Homemade Cleaning Products

Soapberries as Laundry Detergent

For many years I have made my own laundry detergent. Driven along mostly by my frugality in trying to save money while doing laundry for seven people, but also liking to make sustainable products which work…I like successes!

When I first ventured into the world of DIY laundry detergents, I tried out a liquid version. Over the course of a few weeks of sweaty, summer laundry I realized it wasn’t going to cut it. The clothes developed a distinct musty scent and were sort of dingy. So, I gave up that DIY liquid detergent.

A couple years later I came across a homemade powder recipe and tried it and it works wonderfully! I’ve continued to make and use it for the last six years or so (minus the last few months, mostly due to not wanting to put forth the effort of making a batch). You can find my powdered Homemade Laundry Detergent post and recipe here.

Last week, a friend tagged me in a Facebook post about soapberries (also known as soapnuts – which aren’t actually nuts so are safe for those with nut allergies). Soapberries when used come laundry day (or laundry DAYS in my household) are a completely natural alternative to commercial detergents! I was intrigued.

I hopped on Amazon and ordered a pound of Cocoboo Organic Soap Nuts (which according to their info is enough for 240 loads of laundry!) for $18.95 and free shipping. They arrived the next day and I was excited to catch up on laundry with my trial run. Probably the only time I’ve been excited to catch up on laundry. Just sayin’.

One way to utilize them is to throw 4-6 soapberries into a small drawstring cloth bag (or use a long and old loner sock and tie it on one end if you don’t have a draw string bag, but one came with my order) and throw in the wash with your dirty clothes. That’s it! The saponin which is a natural soap in the dried soapberries is activated by the water and released into the wash to do it’s thing. The soapberries can be reused up to 10 times, or until they are soft, grey, and when run under hot water and squeezed don’t produce any suds (I do this in the bag before the start of the load). I’m on load #8 with still good results, but am figuring they only have enough cleaning power for another load or so.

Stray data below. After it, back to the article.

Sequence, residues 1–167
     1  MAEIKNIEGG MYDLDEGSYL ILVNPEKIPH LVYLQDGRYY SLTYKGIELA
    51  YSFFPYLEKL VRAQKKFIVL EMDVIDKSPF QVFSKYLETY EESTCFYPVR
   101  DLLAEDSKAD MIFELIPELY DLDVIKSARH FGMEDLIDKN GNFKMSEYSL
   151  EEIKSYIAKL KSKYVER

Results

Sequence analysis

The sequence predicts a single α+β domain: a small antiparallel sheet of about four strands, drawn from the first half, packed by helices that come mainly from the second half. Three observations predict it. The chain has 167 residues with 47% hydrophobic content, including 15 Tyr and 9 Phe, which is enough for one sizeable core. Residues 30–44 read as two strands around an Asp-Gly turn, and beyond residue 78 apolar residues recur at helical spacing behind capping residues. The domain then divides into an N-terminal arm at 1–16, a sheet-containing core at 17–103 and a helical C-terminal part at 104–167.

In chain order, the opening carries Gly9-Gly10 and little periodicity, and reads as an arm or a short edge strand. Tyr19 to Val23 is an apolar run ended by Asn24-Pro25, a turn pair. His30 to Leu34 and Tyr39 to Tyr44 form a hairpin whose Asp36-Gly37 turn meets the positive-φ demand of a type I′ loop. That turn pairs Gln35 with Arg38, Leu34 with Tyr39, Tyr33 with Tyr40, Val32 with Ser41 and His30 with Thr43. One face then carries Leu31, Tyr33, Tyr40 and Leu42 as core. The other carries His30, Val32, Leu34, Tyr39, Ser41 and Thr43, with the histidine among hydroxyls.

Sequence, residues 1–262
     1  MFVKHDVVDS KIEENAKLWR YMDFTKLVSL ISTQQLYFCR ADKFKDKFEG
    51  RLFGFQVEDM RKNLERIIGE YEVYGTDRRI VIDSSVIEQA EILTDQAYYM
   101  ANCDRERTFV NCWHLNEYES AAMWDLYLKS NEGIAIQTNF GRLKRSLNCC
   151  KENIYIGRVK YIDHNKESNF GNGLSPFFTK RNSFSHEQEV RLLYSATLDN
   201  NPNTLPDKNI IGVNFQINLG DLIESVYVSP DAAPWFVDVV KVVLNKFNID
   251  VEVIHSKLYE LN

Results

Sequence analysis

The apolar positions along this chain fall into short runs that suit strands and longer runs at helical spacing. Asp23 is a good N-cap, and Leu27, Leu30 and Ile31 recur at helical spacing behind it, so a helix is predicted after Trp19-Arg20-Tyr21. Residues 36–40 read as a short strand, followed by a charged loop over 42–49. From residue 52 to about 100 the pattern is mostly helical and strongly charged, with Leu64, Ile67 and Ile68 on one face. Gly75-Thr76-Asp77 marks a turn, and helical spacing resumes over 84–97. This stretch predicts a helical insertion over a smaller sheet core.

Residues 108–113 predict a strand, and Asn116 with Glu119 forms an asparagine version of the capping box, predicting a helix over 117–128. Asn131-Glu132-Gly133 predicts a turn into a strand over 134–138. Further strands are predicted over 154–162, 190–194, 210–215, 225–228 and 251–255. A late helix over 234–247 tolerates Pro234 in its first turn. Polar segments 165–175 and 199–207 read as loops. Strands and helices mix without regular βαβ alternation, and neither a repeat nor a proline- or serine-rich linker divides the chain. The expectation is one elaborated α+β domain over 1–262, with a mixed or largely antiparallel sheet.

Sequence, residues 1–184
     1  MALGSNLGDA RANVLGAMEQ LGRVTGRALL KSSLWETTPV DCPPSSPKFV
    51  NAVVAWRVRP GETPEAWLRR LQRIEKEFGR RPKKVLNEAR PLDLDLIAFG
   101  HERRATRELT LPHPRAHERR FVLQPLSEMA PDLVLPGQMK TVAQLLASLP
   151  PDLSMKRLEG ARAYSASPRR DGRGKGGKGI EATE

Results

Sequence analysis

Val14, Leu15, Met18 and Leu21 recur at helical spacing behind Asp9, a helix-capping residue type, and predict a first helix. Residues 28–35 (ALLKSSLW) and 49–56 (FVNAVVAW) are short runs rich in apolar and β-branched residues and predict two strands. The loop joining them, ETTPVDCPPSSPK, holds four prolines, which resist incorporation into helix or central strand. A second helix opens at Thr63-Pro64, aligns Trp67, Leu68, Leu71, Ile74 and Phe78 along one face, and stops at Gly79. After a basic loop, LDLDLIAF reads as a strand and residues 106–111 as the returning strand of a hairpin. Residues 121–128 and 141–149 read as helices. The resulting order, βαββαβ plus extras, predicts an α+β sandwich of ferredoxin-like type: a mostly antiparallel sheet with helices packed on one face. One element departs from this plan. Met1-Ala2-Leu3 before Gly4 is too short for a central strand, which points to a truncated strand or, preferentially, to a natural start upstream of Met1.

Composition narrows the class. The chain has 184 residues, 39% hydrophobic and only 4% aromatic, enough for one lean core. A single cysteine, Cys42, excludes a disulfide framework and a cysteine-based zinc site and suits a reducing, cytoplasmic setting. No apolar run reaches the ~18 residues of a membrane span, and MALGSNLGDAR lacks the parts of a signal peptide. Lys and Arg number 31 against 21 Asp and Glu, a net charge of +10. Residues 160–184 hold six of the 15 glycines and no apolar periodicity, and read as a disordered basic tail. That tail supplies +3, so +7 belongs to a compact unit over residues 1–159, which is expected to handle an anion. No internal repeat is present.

Tip: hot and warm water do a better job of releasing the saponin, so if you need to do a load of laundry using cold water soak the bag of soapberries for a few minutes in hot water to activate the saponin before adding it to the load.

Also, if you use only hot water to do your washing, the saponin will be released faster so you therefore won’t get as many uses out of them.

I asked friends on Facebook who have experience using soapberries for any tips they might have. A comment I received a couple of times was that they work great, but if you have extra dirty or stinky laundry you may want to add a laundry booster like Oxiclean to those loads. Another comment was still needing to pretreat clothing with stains on them before adding to the wash, which seems fair enough.

So far in my trial run of using these soapberries in their current form for a natural and chemical free laundry detergent I can’t complain. They’ve worked well. The clothes look and smell clean (no scent at all really), and don’t feel stiff or weird (which I noticed when using homemade liquid detergent).

I will follow up with another post soon on making/canning liquid soapberry laundry detergent. “Can it?” You may ask? …Because if I’m going to go to the effort of making it, I’m going to make a lot at once and preserve it for the future. It’s how I roll.

If you have experience using soapberries for laundry, cleaning, shampoo, or body wash comment below with your insights, tips and reviews. I’d love to hear from you!

-Shelley.

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2 thoughts on “Soapberries as Laundry Detergent

  1. Pingback: Liquid Soapberry Laundry Detergent |

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